CHARLOTTESVILLE, Va. (WVIR) - Meet Philip Weber of Charlottesville…aka the Running Man...aka the British Bulldog. “I guess I’m a bit of a celebrity…not intentionally, but that's the way it worked out,” he said. 

You may have seen him around, the mysterious Running Man has been pounding the pavement since the late 1980s. Through the years, Weber slowly worked his way from 3 miles to marathons. He runs more than 5,000 miles a year and has become a constant in the community.

He is extremely recognizable by how much he runs, and how little he wears, rain or shine. He's been out in his short shorts, sporting unique facial hair, for decades.

“I’ve got a bit of fame for running without a shirt in the snow,” he said. “I like to stir up trouble so I got these (British flag shorts) at the Ragged Mountain Running Shop. I would run these right around July 4, just to cause controversy, and then I got the reputation as the British Bulldog.”

For Weber, running marathon distances in one day is normal. He sometimes runs a half marathon in the morning and a half marathon in the afternoon, just for fun. “Maybe 30 kilometers 4 days in a row, and other days 25 km per day, and maybe one day of 20 km for rest,” he stated.

The Running Man says running a full marathon is no big deal. "I’ve run four of them in under three hours...or five…and one of them just over three hours. That was just after I broke my foot.” 

He says the pace isn’t exhausting. "People say that but no, I just push myself. The advantage that I have is that I don't get injured with a lot of miles and so I can catch up to the fast boys and the rabbits at the end of the race."

His mileage amazes even people who work with Olympians, like Mark Lorenzoni, the co-owner of Ragged Mountain Running Shop. “Oh my gosh, so 5,200 miles a year! I mean, think about what that is - that's 100 miles a week,” he stated.

Lorenzoni says Running Man brings an odd sense of comfort, he's a constant you can count on in a community that's constantly changing.  

“There’s new buildings, there's new styles that people are wearing. This guy? Nope. The Running Man is still just chugging along, running. It's like the Energizer bunny. You know, has the Energizer bunny changed ever in all those commercials over the years? No, still the same.” 

Weber is 55, he's never been married, or been a father, but he says he is in a relationship of sorts. “I would say I’m married to my running and to my textbooks.”

The bachelor loves Albemarle County’s rolling roads.  “I kind of feel like maybe I’m in a landscape painting or an Ansel Adams.  Maybe a runner's worldwide angel shot. After 16 or 17 miles, you've got the breeze flowing through you and the bales of hay in the background and it takes on a mildly surreal character,” he stated.

He says it is lonely sometimes, “I really don't have any friends or I really don't know anybody,” but he has a unique way of looking at it. “If you think you don't know anybody or don't have any friends, there’s probably somebody in one of those cars going by quietly who will come up to you and say ‘I see you all over.’ Those are my friends, even though I don't know their names.”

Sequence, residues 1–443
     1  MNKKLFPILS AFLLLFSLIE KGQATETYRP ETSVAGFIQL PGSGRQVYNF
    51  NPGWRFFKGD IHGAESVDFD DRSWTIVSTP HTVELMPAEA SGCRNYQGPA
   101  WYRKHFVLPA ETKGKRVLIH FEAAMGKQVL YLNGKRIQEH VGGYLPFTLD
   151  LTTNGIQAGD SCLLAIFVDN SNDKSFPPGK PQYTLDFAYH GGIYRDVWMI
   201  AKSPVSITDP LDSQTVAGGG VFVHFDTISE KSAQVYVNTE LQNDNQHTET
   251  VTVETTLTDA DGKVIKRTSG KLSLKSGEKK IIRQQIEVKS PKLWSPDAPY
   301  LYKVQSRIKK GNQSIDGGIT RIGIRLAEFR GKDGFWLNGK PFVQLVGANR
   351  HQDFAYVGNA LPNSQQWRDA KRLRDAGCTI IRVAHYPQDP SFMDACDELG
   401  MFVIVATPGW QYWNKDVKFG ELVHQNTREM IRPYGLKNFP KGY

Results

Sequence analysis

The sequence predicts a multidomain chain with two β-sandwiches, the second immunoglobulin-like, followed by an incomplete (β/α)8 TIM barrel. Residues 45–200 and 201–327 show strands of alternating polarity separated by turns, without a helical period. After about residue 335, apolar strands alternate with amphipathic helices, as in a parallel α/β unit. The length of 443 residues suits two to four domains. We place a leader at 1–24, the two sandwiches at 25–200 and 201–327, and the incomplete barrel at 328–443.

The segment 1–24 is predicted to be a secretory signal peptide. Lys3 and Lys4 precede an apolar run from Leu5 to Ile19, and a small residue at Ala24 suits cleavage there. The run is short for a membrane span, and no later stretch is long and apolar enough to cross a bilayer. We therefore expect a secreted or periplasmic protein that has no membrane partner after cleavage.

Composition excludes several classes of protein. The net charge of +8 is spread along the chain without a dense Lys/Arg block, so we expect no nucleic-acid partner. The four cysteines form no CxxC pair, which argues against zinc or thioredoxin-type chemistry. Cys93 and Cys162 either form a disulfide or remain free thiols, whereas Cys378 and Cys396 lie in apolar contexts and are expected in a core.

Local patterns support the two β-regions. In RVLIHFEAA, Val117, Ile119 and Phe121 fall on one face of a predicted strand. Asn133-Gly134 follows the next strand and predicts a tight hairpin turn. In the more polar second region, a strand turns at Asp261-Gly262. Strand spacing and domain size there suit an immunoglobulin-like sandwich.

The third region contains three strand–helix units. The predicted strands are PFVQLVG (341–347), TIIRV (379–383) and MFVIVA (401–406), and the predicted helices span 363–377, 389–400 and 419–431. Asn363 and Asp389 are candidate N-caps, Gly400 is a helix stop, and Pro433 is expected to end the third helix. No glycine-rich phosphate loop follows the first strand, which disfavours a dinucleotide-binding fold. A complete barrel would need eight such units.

Weber says he has made friends along Rugby Road. “I don't even know the names of these fraternities but there sure are a lot of nice boisterous young men to motivate you to run. They would help me blast off down this road,” he stated. “It kind of spreads like a fire. You have 1, 2, 3, 10, 20, 30 voices and it just builds and makes the hair on your neck go up.”

He hopes the motivation is mutual. “I think it's important to impact the world in a positive way and that's something that I’m able to do now,” he said. “Even if people are out partying - to remind them that there's another world besides kegs of beer and fifths of liquor.” 

Protein drinks are his drink of choice, but he also has a 7 gallon Gatorade bucket which he sometimes fills with Hawaiian Punch. “It’s got the same stuff that Gatorade has in it but it has more carbohydrates. So it's underrated actually as an after-running drink,” he stated.

For Weber, other running essentials are petroleum jelly, duct tape, Shoe Goo, and cotton string. He says that is what holds his life together.

He collects shoes that are thousands of miles old and operates on them daily. "These are dead and so are the ones that I’m wearing, but I had to revive them,” he said. “As far as the heels, if you just keep repairing the heels everyday you can extend the life of them.”

To make time and money for his high-mileage habit, Weber says he saved up money after graduating from the University of Virginia where he studied chemistry and music. Now, on top of running about 100 miles a week, he works 10 hours a week making audiobooks for the blind.

Weber has about 125,000 miles of progress down and who knows how many more to go. He's deeply motivated to run, but can't tell you why with a straight face.

"Because I wanted to be a professional athlete and make a million dollars. And so, since I couldn't be a professional baseball player, I took this up," he said with a smile.

His dream is different now, but very alive. “I haven't yet won a major marathon but we're still working on that. It's a work in progress.”

While he trains for that win, he says the short shorts are here to stay, but his future look may still surprise you.  "I have the constantly changing facial hair and I used to have long hair and now I'm a skinhead, so stay tuned for the next episode of the Running Man."